After thinking about it for a bit, it isn’t so bad because it’s been vacant for years and there will never be a Doggie Diner again. We’ll still have the head, but Sloat Garden Center who owns it will be tearing it down to make way for more room to sell their plants and supplies.
I can’t for the life of me remember what the food at Doggie Diner tasted like, but at least I can remember I loved going to the place. We’d always eat there after a trip to the zoo because the food was better. I guess that tells you something about zoo food back in the 60’s and 70’s.
I also remembered that while they sold hot dogs, Doggie Diner was more known for its burgers. While Mayor Ed Lee sees it fit to hand out organic hot dogs to traveling dignitaries, San Francisco was never known for its hot dogs, except for the dog that sat high above Doggie Diner.
So iconic was the dog that a movie was made in 2005 called Head Trip that lots of alt-culture artists made a trip from San Francisco to New York carrying three of the heads as some sort of art project. The Dog had an effect on people.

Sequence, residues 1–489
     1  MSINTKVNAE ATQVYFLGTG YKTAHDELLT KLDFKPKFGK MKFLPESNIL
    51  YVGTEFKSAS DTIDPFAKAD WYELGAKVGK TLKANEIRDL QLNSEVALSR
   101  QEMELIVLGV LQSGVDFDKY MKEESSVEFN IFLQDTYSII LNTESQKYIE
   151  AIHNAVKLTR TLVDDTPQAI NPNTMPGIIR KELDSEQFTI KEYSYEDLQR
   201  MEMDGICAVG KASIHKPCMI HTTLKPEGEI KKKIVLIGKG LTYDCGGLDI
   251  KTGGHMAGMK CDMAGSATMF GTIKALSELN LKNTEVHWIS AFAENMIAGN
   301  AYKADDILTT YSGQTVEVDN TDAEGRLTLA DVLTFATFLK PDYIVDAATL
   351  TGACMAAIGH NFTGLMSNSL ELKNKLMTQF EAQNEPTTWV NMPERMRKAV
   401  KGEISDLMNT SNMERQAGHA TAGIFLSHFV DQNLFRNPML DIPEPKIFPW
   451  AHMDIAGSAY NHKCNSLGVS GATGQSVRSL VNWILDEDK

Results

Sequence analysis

Started in 1949 and giving it a good run until 1986 the disappearance has sort of left a mystery behind it. There are few artifacts other than the head and I can’t find a menu anywhere to remind me of what they used to serve. The inside had a fully tiled drive in feel to it, yet it wasn’t really a drive in. More of a walk-in would be appropriate. The original owner Al Ross passed away last year and aside from a few remarks on Laughing Squid there’s very little about it. This leads me to believe that the end of Doggie Diner can be linked to a government cover up.
Were they inserting mind control drugs into the food to control people who were attending the zoo? There are no menus. The death of its owner has been covered up only mentioning that he has passed away. Yet if you visit the Doggie Diner historical site you will find a small link to the Dogminican Order and a sermon posted from the Deacon Melmouth.